In an Ohio Credit Union League 2018 consumer survey, respondents were asked to rate their financial wellness on a scale from one (lowest) to five (highest). The average response was 3.48. And a majority of respondents, 88.08 percent, admitted to having financial weak spots.
Ohio isn’t far from national trends. According to the U.S. Bureau of Consumer Financial Protection’s “Financial Well-Being in America” survey, U.S. adults on average rate their financial well-being as a 54 on a scale from zero to 100.
The study found Americans with less income reported lower levels of financial wellness. Scores of 50 or less tended to come from respondents with a high probability of experiencing material hardship, meaning they struggle to afford basic food and shelter. On the other hand, respondents who could easily afford the basics tended to give themselves financial wellness scores of 61 or more.
Experiences with credit also contribute to a person’s sense of financial wellness, according to the same study. Someone who has been denied credit or who had been contacted by a debt collector will likely score themselves as having a lower level of financial well-being.
Unfortunately, feeling financially unwell can affect more than consumers’ wallets. In a study from the American Psychological Association, nearly 72 percent of American adults reported feeling stressed about money at least some of the time and nearly a quarter said they experienced “extreme stress” about their financial situation in the past month.
Stress at that level isn’t healthy. Chronic stress can cause headaches, weight gain, and even heart disease, according to the Mayo Clinic. The American Psychological Association also pointed out research that shows stress associated with financial problems strains cognitive abilities, meaning the person feeling financially unwell is more likely to make decisions that continue to lead them into unfavorable financial situations.
But there’s a silver lining. Regardless of income or credit score, the Bureau Consumer Financial Protection’s study found people who seek training and become financially literate tend to give themselves higher financial well-being scores. Here are some tips to help improve your financial wellness score.
- Create a plan. Decide where you want your finances to take you and compare that to your current financial situation. Write down all the steps to reach your financial goal and assign a time period to achieve each one. Reward yourself periodically as you come closer to your goal.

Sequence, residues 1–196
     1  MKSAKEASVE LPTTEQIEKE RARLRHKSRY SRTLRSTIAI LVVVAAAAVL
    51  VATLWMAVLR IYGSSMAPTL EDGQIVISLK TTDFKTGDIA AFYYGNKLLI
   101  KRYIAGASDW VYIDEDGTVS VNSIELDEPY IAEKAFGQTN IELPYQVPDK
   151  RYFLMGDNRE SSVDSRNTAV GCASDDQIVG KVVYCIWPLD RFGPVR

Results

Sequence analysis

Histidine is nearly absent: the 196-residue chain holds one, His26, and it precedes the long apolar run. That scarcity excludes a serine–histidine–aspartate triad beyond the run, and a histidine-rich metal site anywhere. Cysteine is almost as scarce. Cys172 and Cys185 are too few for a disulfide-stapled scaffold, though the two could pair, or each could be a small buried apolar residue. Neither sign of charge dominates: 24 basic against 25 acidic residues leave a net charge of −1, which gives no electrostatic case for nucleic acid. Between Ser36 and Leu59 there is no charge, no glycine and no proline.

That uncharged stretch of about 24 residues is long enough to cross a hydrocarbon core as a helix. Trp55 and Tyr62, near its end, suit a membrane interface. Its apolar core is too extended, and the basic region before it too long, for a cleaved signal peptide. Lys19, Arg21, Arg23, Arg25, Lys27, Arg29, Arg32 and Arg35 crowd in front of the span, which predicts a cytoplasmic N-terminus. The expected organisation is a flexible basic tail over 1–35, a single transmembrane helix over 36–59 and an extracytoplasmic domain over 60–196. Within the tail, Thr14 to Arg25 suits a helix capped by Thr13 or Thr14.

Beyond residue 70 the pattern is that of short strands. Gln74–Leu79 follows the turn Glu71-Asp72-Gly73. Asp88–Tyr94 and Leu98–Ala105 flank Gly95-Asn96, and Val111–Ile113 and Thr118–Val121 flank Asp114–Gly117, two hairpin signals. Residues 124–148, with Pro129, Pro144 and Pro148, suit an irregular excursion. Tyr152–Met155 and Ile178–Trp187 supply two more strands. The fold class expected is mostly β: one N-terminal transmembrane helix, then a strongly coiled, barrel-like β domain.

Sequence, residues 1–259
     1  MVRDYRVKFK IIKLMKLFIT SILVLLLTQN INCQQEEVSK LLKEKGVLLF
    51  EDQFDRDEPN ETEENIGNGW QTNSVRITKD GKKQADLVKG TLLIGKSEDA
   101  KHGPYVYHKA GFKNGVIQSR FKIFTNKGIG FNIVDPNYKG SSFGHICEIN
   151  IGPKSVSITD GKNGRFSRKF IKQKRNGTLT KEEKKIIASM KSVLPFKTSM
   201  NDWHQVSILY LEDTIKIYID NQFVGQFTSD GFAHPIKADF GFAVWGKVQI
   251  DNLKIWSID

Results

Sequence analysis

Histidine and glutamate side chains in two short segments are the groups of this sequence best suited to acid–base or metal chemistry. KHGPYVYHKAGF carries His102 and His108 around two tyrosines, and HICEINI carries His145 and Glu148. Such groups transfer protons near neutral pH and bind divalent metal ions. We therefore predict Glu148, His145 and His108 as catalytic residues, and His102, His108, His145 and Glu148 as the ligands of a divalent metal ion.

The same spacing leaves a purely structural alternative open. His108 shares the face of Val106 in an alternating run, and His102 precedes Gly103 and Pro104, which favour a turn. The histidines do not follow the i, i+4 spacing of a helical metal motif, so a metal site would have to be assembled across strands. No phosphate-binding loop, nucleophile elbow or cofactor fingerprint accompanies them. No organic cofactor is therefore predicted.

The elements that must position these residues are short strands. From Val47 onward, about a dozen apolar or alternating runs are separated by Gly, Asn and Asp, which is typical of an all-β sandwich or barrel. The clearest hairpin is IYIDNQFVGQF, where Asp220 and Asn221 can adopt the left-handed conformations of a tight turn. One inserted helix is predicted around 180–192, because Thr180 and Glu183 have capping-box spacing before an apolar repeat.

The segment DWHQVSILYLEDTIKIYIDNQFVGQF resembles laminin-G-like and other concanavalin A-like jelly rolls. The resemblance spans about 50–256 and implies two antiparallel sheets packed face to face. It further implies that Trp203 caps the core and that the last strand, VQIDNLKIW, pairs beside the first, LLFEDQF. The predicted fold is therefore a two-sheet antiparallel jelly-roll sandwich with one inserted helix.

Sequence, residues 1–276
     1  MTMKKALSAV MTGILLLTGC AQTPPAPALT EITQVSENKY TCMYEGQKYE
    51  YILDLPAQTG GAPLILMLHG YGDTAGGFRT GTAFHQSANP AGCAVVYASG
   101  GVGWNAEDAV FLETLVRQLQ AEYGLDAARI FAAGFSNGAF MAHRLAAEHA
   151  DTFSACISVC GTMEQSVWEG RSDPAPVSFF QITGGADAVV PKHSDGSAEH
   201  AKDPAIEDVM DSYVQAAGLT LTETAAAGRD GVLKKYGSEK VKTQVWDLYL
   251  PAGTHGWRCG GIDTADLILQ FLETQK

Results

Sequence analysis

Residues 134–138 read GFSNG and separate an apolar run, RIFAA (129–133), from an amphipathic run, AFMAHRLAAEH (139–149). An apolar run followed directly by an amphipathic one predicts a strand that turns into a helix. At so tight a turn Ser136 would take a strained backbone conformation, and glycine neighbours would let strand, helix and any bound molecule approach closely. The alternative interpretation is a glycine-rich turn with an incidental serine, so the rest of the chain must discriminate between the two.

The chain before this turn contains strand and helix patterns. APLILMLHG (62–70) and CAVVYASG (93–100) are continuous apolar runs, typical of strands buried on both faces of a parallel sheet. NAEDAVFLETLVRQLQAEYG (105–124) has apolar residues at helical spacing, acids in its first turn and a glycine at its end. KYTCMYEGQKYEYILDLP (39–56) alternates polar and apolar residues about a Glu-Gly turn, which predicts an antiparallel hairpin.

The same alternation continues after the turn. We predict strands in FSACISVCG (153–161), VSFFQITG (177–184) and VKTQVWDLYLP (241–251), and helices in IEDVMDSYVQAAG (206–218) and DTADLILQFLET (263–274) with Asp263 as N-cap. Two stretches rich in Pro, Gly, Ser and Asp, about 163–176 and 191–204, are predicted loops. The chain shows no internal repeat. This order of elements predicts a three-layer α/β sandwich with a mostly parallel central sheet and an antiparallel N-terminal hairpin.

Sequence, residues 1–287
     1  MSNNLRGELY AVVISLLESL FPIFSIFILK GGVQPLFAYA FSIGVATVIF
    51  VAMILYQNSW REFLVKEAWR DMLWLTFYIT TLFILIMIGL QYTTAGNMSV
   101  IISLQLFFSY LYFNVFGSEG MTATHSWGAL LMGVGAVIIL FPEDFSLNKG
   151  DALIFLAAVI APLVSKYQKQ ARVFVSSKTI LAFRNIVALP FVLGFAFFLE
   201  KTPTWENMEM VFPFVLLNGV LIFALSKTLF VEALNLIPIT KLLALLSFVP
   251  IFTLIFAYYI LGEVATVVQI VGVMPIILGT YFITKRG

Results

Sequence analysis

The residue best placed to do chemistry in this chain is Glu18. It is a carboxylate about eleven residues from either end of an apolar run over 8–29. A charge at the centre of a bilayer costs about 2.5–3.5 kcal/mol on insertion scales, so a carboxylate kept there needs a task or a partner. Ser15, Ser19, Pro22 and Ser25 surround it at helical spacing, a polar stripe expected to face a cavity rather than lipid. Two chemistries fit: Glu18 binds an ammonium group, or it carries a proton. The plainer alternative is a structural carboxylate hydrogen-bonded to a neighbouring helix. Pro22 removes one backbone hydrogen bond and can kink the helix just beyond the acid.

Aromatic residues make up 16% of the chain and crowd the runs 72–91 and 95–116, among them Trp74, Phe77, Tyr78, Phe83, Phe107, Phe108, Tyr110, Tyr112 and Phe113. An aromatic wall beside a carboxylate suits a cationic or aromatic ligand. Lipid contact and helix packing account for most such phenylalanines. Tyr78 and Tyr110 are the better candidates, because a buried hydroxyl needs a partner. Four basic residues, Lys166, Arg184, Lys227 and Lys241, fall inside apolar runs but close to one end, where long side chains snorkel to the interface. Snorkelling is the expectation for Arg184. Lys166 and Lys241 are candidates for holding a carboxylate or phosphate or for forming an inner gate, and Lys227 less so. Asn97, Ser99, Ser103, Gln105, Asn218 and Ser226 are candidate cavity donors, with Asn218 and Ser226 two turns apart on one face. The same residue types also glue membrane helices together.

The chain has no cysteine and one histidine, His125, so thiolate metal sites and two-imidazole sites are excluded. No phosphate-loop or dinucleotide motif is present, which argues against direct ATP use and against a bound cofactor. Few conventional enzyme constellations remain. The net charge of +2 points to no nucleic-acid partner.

- Automate savings. It’s a lot easier to resist spending money if you never see it hit your checking account. Set up an automatic transfer each paycheck from your checking account to savings. Experts suggest aiming to set away six months’ worth of income for emergencies. It’s also wise to put about 10 percent of your income toward retirement.
- Carry cash. Swiping a credit or debit card can make spending money feel a little too easy. Pulling out dollars for each purchase forces you to be more aware of how much you’re spending. Take out only a set amount of money each week to help stay within your budget and cut down on impulsive spending.
- Improve your credit score. A poor credit score will hold you back financially, even if you’ve cultivated healthy budgeting and spending skills. Pay off lingering debts and be sure to pay off all new expenses promptly to improve your credit score. You may want to consider setting up automated bill pay, so you don’t accidentally miss payment dates.
- Build financial literacy. You can’t be financially well if you don’t know how to be. Consider utilizing podcasts, books, articles, and shows that teach financial concepts. For a more hands-on approach, research financial literacy events or classes hosted by credit unions or other financial institutions in your area. Several credit unions in Ohio have certified financial counselors who are trained specifically to help improve financial wellness.
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